When freelancers worry that they’ll run out of jobs, they tend to hoard as many gigs as possible, regardless of quality.

You know what? The majority of the time, this hoarding behavior is unwarranted. And it can lead to burnout.

Just as a TP hoarder’s house will be jam-packed with Charmin, your calendar will be so full that you’ll neglect an important job, double-book yourself, or spread your talents too thin. And none of those scenarios lead to financial freedom.

5. Does it pay enough?

You should ask yourself this question anytime anyone offers you any opportunity.

It’s so easy to sell yourself short in the name of exposure or experience. Although everyone needs to start somewhere, accepting an opportunity that doesn’t pay fairly is never a good idea.

For example, it’s one thing to do a fun, relatively brainless but low-paying activity like taking online surveys in your spare time. It’s another thing to do it in place of opportunities with better pay.

Sometimes taking a lower-paying job when you’re desperately short on cash or to get your foot in the door at a really great company is fine. Just ask yourself: Will this opportunity get me closer to financial freedom?

And definitely don’t take on a job that would end up costing you money, rather than earning it. So when a friend comes to you with a sketchy multi-level marketing (MLM) scheme, run in the other direction.

How to Use the Power of No: How to Say No

Here are our top tips for saying no.

  1. Be clear about your boundaries
  2. Be polite and honest in your response
  3. Don’t feel guilty

Once you’re ready to be a Negative Nellie (but in a good way), it’s time to say, “Thanks, but no thanks.” Here’s some advice on how to do it.

1. Be clear about your boundaries

Before you turn any opportunity down, be sure that you thoroughly understand where your professional or personal boundaries lie. 

A great way to do this is by writing a mission statement for yourself. For example, you could write something like this in your planner or notebook: “I am a professional freelance writer who works in the personal finance field. My rate of pay is $50 per hour. I don’t need to work more than 30 hours per week, and never on the weekend.”

Before responding to the opportunity, repeat this mantra to yourself. It will help you stay firm and not cave in!

2. Be polite and honest in your response

Never, ever make up an excuse or give a vague response. Thank whoever made you the offer but give a clear reason why you can’t accept it.

There is certainly no harm in saying, “No, thank you. The rate is lower than what I normally receive.” Who knows? They might go back to the drawing board and make you a better offer.

Likewise, saying that you’re already booked up or that you don’t feel knowledgeable enough about the project will likely earn you respect.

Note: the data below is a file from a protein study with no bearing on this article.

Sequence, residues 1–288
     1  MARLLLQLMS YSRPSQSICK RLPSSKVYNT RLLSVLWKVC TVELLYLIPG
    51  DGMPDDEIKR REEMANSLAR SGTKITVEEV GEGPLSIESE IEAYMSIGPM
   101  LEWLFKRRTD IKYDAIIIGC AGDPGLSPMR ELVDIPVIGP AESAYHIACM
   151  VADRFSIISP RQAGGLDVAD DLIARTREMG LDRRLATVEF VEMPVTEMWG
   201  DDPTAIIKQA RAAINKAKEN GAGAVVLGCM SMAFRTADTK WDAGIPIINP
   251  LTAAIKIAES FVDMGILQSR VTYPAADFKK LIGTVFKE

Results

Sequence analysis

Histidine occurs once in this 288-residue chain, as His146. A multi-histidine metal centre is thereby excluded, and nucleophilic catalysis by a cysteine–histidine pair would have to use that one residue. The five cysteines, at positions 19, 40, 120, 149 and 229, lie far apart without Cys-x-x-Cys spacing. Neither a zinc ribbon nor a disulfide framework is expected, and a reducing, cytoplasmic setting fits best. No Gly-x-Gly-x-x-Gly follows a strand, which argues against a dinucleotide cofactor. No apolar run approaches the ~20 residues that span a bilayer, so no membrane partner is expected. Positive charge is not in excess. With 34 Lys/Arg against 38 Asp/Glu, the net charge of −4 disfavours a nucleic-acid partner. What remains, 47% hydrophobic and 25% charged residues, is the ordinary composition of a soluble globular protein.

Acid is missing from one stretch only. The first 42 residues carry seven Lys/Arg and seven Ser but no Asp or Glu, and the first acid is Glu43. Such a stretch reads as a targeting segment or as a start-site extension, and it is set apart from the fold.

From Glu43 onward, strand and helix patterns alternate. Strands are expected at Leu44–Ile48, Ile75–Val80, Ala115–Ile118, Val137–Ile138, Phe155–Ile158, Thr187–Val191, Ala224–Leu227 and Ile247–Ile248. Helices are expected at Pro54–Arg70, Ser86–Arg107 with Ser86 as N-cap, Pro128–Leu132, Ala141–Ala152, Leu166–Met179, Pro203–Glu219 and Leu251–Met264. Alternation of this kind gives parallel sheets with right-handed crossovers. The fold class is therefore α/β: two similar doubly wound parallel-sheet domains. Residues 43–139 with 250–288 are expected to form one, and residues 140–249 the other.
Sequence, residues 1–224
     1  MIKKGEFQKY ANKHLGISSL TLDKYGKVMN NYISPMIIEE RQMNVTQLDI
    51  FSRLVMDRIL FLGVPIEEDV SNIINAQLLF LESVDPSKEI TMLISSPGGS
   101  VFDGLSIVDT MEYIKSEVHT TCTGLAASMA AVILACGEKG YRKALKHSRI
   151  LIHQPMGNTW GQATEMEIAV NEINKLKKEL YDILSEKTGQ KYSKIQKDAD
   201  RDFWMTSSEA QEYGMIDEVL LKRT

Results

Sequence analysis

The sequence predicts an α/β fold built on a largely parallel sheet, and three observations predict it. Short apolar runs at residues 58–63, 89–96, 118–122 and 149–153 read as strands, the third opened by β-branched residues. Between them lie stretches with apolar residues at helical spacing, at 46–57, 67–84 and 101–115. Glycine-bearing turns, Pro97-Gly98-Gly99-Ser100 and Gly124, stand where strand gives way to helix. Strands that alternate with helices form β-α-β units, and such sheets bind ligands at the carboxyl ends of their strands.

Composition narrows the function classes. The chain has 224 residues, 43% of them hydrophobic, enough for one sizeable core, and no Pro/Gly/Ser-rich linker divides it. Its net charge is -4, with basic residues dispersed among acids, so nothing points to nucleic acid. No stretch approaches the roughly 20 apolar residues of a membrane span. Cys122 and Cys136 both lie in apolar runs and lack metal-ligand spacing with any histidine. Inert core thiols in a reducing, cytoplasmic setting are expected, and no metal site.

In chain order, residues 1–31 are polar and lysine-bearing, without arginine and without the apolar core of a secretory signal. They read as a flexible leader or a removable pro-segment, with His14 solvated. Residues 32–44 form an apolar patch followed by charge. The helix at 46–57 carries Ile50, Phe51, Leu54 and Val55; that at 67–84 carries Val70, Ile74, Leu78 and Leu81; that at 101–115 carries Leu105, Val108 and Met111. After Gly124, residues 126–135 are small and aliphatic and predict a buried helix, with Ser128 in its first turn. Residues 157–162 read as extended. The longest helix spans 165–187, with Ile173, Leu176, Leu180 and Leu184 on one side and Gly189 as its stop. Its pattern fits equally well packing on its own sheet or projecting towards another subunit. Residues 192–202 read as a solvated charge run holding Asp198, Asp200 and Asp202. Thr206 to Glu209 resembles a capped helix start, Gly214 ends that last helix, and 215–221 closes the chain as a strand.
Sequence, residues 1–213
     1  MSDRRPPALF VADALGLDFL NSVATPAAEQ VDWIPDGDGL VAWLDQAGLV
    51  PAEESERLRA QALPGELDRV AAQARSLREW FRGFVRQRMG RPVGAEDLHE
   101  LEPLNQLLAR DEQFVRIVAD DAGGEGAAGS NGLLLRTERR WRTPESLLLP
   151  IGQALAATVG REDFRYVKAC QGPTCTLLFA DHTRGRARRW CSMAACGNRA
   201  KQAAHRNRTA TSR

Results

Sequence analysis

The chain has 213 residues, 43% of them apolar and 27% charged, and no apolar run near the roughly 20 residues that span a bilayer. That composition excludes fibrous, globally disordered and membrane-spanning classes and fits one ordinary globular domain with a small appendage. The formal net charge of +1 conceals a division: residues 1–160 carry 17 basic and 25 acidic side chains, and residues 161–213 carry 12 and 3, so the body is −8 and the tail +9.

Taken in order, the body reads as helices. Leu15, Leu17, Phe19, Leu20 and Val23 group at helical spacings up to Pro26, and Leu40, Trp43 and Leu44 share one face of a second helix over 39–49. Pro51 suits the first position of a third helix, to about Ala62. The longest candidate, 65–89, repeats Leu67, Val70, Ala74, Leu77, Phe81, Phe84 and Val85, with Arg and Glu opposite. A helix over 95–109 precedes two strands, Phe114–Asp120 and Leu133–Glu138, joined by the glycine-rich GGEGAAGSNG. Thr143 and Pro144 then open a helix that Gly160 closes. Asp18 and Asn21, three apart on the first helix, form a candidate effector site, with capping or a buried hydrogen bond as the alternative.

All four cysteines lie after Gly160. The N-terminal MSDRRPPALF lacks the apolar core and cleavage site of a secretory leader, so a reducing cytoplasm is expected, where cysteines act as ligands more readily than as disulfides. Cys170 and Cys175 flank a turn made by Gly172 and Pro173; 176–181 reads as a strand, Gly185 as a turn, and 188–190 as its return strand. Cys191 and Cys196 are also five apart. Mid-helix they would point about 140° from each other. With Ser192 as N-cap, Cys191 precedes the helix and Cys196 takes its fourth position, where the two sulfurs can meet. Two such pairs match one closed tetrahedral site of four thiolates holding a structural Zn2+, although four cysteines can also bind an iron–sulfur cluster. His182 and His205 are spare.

And if you’re polite, the offer maker might come to you first the next time they have a project more suited to your pay scale and experience.

Here’s a pro tip: If you’re nervous about turning down an opportunity, there’s no harm in writing a script for yourself to read.

TIP: If you’re nervous about turning down an opportunity, there’s no harm in writing a script for yourself to read.

3. Don’t feel guilty

Feeling guilty and sorry for yourself takes up precious time and energy. Don’t waste any resources on beating yourself up for saying no.

Instead, get out there and hustle your way along the path to financial freedom.

To learn more about achieving financial freedom, check out our Financial Freedom in Uncertain Times course:

Frequently Asked Questions

Here are the most frequently asked questions about the power of saying no.

Do freelancers have to give notice?

Freelancers have no obligation to give notice unless it’s written into your contract. However, it’s considered good etiquette to give a client a heads-up that you’ll be ending your relationship at least two weeks in advance. This gives you both the chance to tie up any loose ends. 

How do you say no to a boss without sounding rude?

First off, no reasonable boss expects an employee to agree to their every demand. Saying no in a polite way can actually show your employer that you have initiative. 

If you can’t fulfill a request because you already have too much on your plate, clearly explain that the task they’ve asked you to do will decrease your quality of work.

And if it clashes with a family obligation, be polite and honest about that. Your boss will likely understand. And if not, look into working for yourself!

The Bottom Line

Saying no can be scary. But instead of thinking of it in a negative way, focus on its positive power of no.

After all, saying no can lead to better, more lucrative opportunities. By using this powerful word at the right time, you can better control your own financial destiny.

Remember the corny old saying, “When one door closes, another opens?” In the quest for financial freedom, that tends to be the truth.